High-Impact Entrepreneurship

4 things leaders must do to bring the best out of people

Reprinted from Under30ceo.com. See the original post here.

By James Bird Guess

According to a survey by the Conference Board, a global market research firm, most of today’s employees in the workplace dislike their jobs. In addition, a survey conducted by Right Management, a division of Manpower, illustrated that 60% of employees intend to leave their jobs when the economy improves. It’s no secret that the majority of today’s employees are unmotivated and disengaged in the workplace and their disengagement according the Gallup organization costs employers roughly $300 billion annually.

What can organizations, managers and leaders do to create a workplace environment where employees are inspired to perform? Based on my experience of training thousands of supervisors, managers and senior level leaders across the country, I have concluded that workplace leaders must focus on being at least four things to their employees which display specific qualities that inspire, motivate, develop and empower employees to want to perform.

4 Things Leaders Must be to Bring the Best Out of People:

1. Be a Coach:

A coach is one who teaches, develops and helps employees identify obstacles that prevent top performance. Coaching is about strategically and tactfully asking your employees the right questions so they can learn to ultimately see things for themselves. Asking questions guides a person’s thinking. For example, instead of solving your employees problems and just giving them answers, a coach will ask a series of questions that probe the employee to solve the problem. This takes time, but if deliberately practiced, the employee will soon get in the habit of asking himself or herself the same questions and will ultimately develop a problem solving mentality just like the manager or leader who acted as the coach. Coaches are also energetic, passionate and lead by example. The coaching style is very attractive to employees who become receptive to the coach’s suggestions of new ways of working to improve performance.

2. Be a Sergeant:

A sergeant, just like a drill sergeant in the U.S. Army is one who pushes, challenges and transforms an individual to prepare them to succeed. As a sergeant, you must ultimately be ready to make decisions in times of crisis, emergencies and deadlines and stand by your decisions as your employees execute your demands without question. Keep in mind, many managers and leaders make the mistake of applying this style frequently, which results in employees who are only performing out of fear or they are intimidated by the manager or leader acting as the sergeant. While the manager or leader who frequently uses this style may still get results, he or she must understand that employees are more than likely only performing at half of their true capacity. They are indeed only performing just enough to keep from being fired. The sergeant must also knew when to apply pressure and stress to particular employees and teams so that they do not become too comfortable, complacent and content. The sergeant serves to remind them that in today’s competitive economy and workplace, there is no comfort zone!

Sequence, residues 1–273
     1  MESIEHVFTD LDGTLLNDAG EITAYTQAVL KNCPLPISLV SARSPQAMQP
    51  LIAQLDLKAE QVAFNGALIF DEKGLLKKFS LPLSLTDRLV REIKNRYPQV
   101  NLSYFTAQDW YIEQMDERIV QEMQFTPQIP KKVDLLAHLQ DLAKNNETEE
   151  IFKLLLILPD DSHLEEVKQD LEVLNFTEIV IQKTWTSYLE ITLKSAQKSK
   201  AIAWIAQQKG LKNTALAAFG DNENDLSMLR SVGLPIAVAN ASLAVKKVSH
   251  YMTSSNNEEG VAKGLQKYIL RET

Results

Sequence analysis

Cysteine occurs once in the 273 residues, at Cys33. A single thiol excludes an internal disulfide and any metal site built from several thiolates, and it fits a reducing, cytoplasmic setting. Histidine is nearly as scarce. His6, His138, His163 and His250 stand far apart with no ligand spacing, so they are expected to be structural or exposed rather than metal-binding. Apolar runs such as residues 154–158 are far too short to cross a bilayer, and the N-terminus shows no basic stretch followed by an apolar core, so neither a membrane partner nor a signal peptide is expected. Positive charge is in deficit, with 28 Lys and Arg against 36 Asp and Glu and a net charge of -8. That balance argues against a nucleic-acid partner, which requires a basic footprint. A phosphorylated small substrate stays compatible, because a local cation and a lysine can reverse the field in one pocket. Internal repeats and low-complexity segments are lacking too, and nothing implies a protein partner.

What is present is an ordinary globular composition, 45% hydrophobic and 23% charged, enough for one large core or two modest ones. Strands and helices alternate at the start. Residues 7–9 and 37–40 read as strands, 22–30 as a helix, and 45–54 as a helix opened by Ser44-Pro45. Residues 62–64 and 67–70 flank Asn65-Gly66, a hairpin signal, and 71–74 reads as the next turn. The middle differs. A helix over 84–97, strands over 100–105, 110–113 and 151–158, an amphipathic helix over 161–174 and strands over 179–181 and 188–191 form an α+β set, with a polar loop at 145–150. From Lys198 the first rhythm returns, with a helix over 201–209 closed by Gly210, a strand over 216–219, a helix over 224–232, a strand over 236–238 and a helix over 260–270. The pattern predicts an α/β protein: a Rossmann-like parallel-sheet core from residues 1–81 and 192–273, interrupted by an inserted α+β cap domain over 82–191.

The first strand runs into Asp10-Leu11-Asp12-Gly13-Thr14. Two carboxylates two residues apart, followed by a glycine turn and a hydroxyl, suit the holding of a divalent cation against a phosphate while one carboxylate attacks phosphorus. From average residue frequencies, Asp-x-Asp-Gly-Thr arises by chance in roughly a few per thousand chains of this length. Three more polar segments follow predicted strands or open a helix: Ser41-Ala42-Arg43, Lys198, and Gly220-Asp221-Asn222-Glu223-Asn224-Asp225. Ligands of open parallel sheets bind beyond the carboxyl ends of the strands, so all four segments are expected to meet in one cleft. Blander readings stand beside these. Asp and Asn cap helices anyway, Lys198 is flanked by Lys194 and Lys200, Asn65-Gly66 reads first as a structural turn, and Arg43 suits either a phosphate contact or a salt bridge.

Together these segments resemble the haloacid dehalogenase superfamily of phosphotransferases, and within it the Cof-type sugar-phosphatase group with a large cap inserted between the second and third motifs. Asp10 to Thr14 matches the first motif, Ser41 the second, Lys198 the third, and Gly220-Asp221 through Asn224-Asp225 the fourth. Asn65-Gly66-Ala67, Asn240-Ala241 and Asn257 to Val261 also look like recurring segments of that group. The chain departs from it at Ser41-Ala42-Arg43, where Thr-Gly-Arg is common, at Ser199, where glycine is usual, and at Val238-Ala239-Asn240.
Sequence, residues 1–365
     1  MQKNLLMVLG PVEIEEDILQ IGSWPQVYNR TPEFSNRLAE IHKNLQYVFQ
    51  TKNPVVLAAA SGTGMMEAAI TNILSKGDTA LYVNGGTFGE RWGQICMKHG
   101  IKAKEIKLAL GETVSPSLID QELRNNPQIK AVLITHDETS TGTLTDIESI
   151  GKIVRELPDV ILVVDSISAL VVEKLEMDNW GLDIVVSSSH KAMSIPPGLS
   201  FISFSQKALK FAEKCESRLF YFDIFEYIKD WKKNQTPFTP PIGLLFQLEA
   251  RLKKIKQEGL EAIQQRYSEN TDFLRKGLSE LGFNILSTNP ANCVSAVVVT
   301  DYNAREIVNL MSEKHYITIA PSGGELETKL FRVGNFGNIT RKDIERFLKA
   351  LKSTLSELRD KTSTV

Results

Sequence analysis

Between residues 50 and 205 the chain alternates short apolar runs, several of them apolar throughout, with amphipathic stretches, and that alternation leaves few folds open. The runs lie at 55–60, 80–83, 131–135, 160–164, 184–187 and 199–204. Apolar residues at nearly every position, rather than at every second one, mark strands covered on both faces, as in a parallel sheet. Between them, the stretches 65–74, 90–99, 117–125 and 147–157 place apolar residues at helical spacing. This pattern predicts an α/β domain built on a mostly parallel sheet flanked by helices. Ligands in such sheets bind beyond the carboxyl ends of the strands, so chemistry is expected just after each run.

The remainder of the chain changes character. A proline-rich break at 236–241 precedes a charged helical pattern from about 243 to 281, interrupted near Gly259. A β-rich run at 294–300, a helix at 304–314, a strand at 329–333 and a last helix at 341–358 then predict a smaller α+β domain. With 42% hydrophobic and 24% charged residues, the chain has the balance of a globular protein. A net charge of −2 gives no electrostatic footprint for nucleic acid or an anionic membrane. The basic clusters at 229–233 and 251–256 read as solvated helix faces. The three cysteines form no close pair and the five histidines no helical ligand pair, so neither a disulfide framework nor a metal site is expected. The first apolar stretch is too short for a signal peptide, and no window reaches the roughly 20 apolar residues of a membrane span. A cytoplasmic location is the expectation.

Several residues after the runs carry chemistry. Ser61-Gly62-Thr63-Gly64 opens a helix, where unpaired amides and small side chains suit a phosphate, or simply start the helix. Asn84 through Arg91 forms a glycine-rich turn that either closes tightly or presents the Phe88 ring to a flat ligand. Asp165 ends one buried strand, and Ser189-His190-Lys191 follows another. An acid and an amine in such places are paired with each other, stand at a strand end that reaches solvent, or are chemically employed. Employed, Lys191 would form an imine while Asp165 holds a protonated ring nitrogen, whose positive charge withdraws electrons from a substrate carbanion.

3. Be an Encourager:

An encourager is one who supports, empathizes and listens to employees who may be experiencing personal issues, low morale, burned out or simply frustrated at work. So many managers and leaders continue to fail to understand that they must connect with their employees on a personal level. They believe that employees should just do what they are paid to do and that it is not necessary to get to know them personally. This is one of the biggest mistakes managers and leaders make and what they continually fail to realize is that an employee’s personal issues will eventually impact their professional performance. You do not have to become best friends with your employees, but you should know their hobbies, interest, personal goals, and birthdays. Remember, people don’t care how much you know and they won’t work as hard for you, until they truly know how much you care about them.

4. Be a Leader:

A leader is one who inspires people to pursue a greater purpose and ultimately a vision. Remember, the majority of employees in this nation dislike their jobs and since they are doing something they dislike on average 40 hours per week (160 hours per month), of course they are going to get burned out, lose sight of the goals and the vision. Being a leader means you must be a source of inspiration for your employees. You must sense when morale is low and do something that revitalizes them. Mahatma Gandhi said “be the change you wish you see,” so if you want upbeat, take initiative type employees, it starts with you setting the pace for your team to adjust and run instead of walk.

If you are not passionate and energetic about the work of your team and the organization, why should they be? Being a leader means living your vision and mission statement everyday with energy and reminding your employees that they are not just performing tasks and duties, but ultimately working for some greater purpose. Why do people volunteer for nonprofit organizations like Habitat for Humanity or Big Brothers Big Sisters? It’s because they receive invisible compensation called making a difference. If you act as a leader your employees will take on extra work without asking for extra pay because they understand their purpose. People will work for a paycheck, we know that, but people will also die for a cause, we know that as well.

Finally, it’s important to understand that none of the leadership styles above is better than the other, they all have their strengths and weaknesses. They key is learning when to apply the styles in specific situations and to specific employees. Stay focused and keep Grinding for Greatness!

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